Courtesy Ripley Rader
“I made it,” replied Rader. In fact, ever since she was a teenager, she made her own clothes. “Sewing for me was always a joyful expression to share time with my grandmother, mother and my sister,” she explains.
Rader’s grandmother taught her how to sew. “There were never any boundaries. If we saw a picture of something we liked or thought we could improve, she would say, ‘let’s give this a go,’” recalls Rader. When she was a teenager visiting Russia with her ballet dance company she brought back the most beautiful fabric she had ever seen which she envisioned for a dress. They drew off a pattern. “We always believed if you can see it, we can make it,” shares Rader. “Let’s make it happen.”
By the time she was in in junior high she was making and selling hippie shirts for $15. She made her classmates’ prom dresses. “Making clothes built my confidence. Whether they were perfect or not, I felt great in these clothes because I had made them,” she says. “And then to see other kids at my school wearing them was also really empowering to me.”
It turned out that the woman smitten with her jumpsuit was Joi Davis, a buyer who owns Rocks and Silk at the iconic clothing store Fred Segal. The store is known for its innovative well-curated clothing. Loyal Fred Segal devotees have included the Beatles, Elvis, Diana Ross, The Jackson Five and Jefferson Airplane.
For a designer to get their threads into Fred Segal is quite a coup. But the democratic and versatile jumpsuit was a standout. It can go edgy or conservative. “It’s the sisterhood of the traveling jumpsuit,” says Rader of the wrinkle-free piece. “It can look good on a 22-year-old and incredible on a 68-year-old.”
“If you turn this into a brand and make it in America we will want you,” said Davis. The following week, in a moment of true kismet Rader, wearing the same jumpsuit, was at party when Linda Immediato, Style Editor at Los Angeles Magazine, approached Rader. “Where did you get your jumpsuit?,” she asked. Rader, who had a thriving career performing in musical theater, shared that she was hoping to launch her clothing line. “When you do, we will do a story on you and help you launch,” Immediato replied.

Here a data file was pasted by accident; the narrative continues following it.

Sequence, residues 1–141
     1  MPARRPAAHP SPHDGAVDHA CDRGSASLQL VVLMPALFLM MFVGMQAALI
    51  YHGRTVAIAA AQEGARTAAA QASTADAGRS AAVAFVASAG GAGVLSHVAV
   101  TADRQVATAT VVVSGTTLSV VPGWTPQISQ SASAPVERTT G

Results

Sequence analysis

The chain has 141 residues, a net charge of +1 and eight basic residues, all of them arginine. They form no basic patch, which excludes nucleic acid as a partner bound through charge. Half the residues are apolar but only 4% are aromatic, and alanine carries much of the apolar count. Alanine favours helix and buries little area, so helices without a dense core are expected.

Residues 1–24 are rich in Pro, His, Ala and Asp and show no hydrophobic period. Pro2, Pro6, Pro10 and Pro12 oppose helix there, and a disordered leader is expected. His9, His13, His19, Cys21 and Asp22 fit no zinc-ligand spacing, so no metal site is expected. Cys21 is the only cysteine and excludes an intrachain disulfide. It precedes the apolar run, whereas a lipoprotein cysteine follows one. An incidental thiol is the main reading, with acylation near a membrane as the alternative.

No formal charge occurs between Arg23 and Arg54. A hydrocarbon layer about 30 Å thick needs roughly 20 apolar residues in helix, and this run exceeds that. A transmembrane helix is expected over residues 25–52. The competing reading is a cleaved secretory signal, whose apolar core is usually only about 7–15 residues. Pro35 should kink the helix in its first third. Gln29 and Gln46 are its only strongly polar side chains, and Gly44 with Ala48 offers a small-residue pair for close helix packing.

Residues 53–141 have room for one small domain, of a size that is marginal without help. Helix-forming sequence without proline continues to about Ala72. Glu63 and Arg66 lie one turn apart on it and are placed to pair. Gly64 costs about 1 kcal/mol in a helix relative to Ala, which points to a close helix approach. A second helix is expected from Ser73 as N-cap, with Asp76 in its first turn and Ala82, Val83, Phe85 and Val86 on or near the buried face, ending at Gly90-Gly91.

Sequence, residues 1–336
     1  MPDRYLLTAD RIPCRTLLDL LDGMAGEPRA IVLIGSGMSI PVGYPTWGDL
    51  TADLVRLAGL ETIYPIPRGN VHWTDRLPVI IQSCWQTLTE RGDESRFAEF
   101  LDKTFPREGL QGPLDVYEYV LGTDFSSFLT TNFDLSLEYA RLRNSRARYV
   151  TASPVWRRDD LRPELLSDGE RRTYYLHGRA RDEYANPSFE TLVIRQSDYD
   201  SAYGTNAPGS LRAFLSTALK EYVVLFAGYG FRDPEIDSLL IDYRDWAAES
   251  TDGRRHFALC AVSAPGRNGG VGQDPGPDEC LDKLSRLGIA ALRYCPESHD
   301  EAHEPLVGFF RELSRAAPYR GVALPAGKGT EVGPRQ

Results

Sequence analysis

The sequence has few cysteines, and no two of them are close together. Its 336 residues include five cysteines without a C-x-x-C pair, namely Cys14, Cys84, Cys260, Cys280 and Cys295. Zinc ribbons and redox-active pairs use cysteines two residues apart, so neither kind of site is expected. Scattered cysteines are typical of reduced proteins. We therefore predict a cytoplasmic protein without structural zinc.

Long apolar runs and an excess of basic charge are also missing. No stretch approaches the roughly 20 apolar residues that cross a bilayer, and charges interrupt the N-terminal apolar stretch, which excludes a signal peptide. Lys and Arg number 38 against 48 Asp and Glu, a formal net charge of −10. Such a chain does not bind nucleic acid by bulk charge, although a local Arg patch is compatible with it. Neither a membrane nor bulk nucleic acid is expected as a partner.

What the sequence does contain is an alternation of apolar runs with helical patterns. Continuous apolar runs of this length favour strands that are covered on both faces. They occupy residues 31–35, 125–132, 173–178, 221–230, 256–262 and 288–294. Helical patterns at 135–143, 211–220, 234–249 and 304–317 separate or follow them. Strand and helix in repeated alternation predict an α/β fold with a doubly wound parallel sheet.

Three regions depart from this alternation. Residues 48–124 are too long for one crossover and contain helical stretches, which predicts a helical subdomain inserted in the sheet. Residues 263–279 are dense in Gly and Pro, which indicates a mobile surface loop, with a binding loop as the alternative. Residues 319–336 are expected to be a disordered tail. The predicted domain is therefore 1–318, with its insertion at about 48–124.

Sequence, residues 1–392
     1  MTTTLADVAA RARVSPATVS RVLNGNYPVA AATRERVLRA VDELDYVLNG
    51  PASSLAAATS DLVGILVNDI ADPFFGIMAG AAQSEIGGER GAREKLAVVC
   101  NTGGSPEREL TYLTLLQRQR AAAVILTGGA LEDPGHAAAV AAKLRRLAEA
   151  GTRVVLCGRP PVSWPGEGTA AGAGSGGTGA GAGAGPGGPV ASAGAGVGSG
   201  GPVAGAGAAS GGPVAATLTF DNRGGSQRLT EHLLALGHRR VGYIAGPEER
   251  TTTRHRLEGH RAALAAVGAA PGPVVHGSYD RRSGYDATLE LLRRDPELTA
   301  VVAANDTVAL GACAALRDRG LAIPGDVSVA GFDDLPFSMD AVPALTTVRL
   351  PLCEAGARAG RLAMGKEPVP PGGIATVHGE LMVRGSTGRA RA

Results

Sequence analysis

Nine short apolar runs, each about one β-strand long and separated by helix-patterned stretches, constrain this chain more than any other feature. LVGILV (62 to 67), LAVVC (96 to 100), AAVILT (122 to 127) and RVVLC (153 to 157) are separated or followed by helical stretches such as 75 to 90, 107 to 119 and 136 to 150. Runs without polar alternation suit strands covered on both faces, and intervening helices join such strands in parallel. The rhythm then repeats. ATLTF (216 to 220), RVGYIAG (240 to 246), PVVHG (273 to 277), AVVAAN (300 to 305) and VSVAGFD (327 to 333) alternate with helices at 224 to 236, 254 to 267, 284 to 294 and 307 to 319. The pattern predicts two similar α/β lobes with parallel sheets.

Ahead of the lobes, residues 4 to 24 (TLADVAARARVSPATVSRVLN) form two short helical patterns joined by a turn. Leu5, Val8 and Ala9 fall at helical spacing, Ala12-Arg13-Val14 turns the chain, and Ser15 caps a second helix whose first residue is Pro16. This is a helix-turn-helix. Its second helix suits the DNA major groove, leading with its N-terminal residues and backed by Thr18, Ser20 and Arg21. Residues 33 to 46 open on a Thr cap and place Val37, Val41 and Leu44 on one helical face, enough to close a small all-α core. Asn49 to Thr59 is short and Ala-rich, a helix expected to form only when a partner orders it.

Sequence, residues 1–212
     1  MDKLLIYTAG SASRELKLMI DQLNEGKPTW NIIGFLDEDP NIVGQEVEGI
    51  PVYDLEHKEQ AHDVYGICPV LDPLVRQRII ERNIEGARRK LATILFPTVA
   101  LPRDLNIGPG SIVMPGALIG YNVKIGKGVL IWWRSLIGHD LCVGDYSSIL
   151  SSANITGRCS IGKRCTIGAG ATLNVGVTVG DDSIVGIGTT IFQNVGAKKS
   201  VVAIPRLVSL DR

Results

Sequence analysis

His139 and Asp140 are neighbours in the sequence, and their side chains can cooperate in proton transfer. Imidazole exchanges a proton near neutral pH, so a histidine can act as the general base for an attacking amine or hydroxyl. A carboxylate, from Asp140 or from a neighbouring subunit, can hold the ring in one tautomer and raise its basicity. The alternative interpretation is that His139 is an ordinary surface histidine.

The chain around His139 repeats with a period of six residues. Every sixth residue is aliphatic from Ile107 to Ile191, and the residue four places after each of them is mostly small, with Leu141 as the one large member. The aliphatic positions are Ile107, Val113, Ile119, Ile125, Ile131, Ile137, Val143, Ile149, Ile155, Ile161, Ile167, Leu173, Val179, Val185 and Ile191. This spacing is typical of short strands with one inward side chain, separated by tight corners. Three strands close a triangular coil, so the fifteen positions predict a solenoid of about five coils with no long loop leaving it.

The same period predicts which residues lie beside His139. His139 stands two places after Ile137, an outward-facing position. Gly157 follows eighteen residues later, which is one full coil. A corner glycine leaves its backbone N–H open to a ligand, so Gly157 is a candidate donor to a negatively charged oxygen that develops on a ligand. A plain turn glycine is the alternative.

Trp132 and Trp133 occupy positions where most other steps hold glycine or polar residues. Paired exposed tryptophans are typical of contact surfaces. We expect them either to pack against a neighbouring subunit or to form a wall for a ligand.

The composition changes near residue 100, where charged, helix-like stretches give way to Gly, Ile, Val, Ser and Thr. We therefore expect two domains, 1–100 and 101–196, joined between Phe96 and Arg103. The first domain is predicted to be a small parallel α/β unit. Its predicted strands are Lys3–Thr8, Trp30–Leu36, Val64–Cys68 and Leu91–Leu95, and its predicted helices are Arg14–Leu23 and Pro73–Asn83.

Suddenly Rader’s life took a seismic pivot.
In 2014, Rader’s clothing brand, Ripley Rader was born. Rader had never gone to fashion school. But she was able to “hire really good people” and teach herself. “I have gotten an education in the logistics of fashion pattern making, marking and grading,” she says.
Ripley Rader has since evolved into a full collection, featuring caftans, wide leg pants and dresses. And of course, there’s the classic jumpsuit. “Six years ago we started with one jumpsuit,” says Rader. “With no outside funding, we’ve grown the company to a ready-to-wear brand sold nationally with Neiman Marcus as our latest partnership.” Her RR Essentials Collection is available in sizes XS through 4+, to ensure all women feel gorgeous and represented. The brand is beloved by many celebrities including Amy Schumer, Laverne Cox, Alessandra Ambrosio and Our Lady J.
Devoted to making her business more than an apparel company, Rader’s mantra is to leave the world better and continue reminding women that they are gorgeous. That is what constantly drives her. “When you are a fashion designer and work with women in clothing every day, you can’t have a fashion brand without discussing the crisis of confidence in women,” explains Rader. “I discovered that the issues women have at 14 are similar to what they’re dealing with at 40.”
Rader is determined to address these issues from an early age and help change the conversation surrounding women and their bodies. “It seems to me that it’s socially acceptable for women to say, ‘I look fat in this,’” she says. “But it’s not socially acceptable for women to put on an outfit and say, ‘I look amazing.’ So often we do look amazing, but there’s this idea that you can’t be confident and humble at the same time.”
To that end she founded Camp Rocky Road which helps empower and instill confidence in young women. Last year she brought ninth grade girls into her studio for a week. They were introduced to women working in creative jobs and were given exercises in self-love. “We wanted them to have a toolbox to take with them because entering ninth grade means they are going into new schools,” she says.
It was such a success Rader realized the experience should be a sleepaway camp. “I wanted the magic to stick overnight,” explains Rader. Her goal is to build the capital to launch a sleepaway camp for up to 40 girls in 2020. To help make that goal she designed a tee-shirt that says, “Who wouldn’t want to be you?” 10% of all profits go to the camp. “I look at women all the time and think, who wouldn’t want to be you?,” says Rader. “You’re strong, a mother and a warrior.”